Limited What is the 'best' soldiers and sailors monument in your state?

major bill

Brev. Brig. Gen'l
Forum Host
Aug 25, 2012
Living in Michigan I want to say the one in Detroit. However, it is kind of busy and there are others in Michigan that one could consider more attractive or better. I do understand 'best" is subjective.


First Sergeant
Jun 18, 2018
I always favored the one I found in Lockbourne, Ohio.

It is the headstone of a Union soldier, facing North.
You know I need to get out more. Had never heard of Lockbourne to my recollection and I live in Hamilton.


Brev. Brig. Gen'l
Member of the Year
Feb 20, 2005
Ocala, FL (as of December, 2015).
You know I need to get out more. Had never heard of Lockbourne to my recollection and I live in Hamilton.

Little, little, town South of Columbus, Ohio.

I went to church there and even lived there for a while. Has a population of about 150, and it's major industry is religion, as it used to have five churches all of different denominations. The population of the town increased to about triple it's number during Sunday services.


Jul 28, 2015
New York City

Soldiers and Sailors Monument; New York City​

"This temple-like monument located on a promontory along Riverside Drive at West 89th Street commemorates Union Army soldiers and sailors who served in the Civil War. An elegant example of the City Beautiful movement, it was designed by the Stoughton brothers, engineer Charles W. (1860–1944) and architect Arthur A. Stoughton (1867–1955), who won a public competition with a design inspired by Greek antiquity. It was designated a municipal landmark in 1976.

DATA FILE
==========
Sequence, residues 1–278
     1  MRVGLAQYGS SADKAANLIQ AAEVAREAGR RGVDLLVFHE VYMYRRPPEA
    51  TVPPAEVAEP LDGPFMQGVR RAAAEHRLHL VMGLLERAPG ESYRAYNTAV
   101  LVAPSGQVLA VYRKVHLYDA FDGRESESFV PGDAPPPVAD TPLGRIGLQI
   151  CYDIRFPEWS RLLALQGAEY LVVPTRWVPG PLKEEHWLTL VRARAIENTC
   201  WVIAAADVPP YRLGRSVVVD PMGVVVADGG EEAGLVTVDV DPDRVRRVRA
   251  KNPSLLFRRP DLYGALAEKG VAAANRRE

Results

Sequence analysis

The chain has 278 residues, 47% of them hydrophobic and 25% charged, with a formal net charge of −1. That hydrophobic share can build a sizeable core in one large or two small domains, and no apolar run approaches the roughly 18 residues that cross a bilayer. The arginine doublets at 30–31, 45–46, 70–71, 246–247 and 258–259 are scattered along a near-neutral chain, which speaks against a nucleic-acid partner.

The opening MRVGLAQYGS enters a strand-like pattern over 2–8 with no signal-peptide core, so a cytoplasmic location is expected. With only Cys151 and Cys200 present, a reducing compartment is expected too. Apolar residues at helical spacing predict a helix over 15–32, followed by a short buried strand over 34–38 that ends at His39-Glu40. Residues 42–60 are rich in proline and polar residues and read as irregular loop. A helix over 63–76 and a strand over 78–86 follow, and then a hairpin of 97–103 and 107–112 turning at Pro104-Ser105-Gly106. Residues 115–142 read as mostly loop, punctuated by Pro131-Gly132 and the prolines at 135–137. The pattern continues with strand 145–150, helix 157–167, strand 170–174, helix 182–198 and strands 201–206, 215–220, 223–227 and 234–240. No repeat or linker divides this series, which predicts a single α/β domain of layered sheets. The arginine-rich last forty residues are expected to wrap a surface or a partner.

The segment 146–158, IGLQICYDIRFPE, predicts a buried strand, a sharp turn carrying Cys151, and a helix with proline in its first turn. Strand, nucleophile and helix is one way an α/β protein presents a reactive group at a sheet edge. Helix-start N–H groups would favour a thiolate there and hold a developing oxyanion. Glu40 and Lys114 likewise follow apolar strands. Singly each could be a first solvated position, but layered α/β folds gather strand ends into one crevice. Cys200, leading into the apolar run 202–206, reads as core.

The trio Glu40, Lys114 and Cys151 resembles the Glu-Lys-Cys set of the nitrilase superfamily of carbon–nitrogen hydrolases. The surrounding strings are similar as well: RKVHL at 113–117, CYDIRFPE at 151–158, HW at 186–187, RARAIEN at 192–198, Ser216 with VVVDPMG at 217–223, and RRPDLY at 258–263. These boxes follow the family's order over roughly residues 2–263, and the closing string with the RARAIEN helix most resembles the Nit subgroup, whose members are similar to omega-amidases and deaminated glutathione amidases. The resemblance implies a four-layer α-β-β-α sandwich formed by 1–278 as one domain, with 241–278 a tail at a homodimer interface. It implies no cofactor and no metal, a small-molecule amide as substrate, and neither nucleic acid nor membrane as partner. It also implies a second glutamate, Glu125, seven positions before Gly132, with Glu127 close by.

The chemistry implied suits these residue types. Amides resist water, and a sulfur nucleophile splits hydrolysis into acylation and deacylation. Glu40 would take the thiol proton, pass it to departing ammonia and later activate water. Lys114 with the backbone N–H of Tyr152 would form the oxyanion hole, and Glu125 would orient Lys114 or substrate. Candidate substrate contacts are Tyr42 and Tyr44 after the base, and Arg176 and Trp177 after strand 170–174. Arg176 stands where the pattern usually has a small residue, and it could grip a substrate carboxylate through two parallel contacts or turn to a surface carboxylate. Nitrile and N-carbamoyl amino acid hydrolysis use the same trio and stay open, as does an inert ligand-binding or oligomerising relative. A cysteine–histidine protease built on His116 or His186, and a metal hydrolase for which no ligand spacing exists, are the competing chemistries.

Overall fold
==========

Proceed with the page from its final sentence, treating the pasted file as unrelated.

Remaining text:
A cylindrical form of white marble with 12 Corinthian columns, it is capped with richly carved ornament of eagles and cartouches. The design was based upon the ancient Choragic monument of Lysicrates (4th c. BC) in Athens, an iconic form used during the Greek Revival in 19th century America. Standing at 100 feet, it is larger in scale than the relic it imitates. The plinths that stand atop the south stair list the New York volunteer regiments that served during the war, as well as the Union generals and the battles they led. The ornament was sculpted by Paul E. Duboy (better known for his work on the Ansonia).

Commissioned by the State of New York in 1893, the competition was held in 1897 and the first stone was laid in January 1900, with Governor Theodore Roosevelt officiating. On Memorial Day 1902 (then called ‘Decoration Day’), the monument was unveiled following a parade of Civil War veterans up Riverside Drive to the site."
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